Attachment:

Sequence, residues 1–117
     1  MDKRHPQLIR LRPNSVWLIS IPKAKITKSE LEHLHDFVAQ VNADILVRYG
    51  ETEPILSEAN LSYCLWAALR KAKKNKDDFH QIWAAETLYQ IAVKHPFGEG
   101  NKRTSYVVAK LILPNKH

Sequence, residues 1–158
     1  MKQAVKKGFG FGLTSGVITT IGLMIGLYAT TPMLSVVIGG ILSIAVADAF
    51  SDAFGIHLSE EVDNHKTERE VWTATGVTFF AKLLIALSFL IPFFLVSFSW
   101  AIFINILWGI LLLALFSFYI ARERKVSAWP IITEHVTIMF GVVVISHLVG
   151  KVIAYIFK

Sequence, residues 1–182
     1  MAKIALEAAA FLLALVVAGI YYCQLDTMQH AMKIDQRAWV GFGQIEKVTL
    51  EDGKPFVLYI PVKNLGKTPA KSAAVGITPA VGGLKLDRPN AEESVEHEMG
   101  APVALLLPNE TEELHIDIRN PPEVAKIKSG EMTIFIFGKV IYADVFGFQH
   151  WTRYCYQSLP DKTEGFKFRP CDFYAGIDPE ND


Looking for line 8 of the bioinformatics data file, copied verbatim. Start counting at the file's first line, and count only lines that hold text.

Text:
   101  AIFINILWGI LLLALFSFYI ARERKVSAWP IITEHVTIMF GVVVISHLVG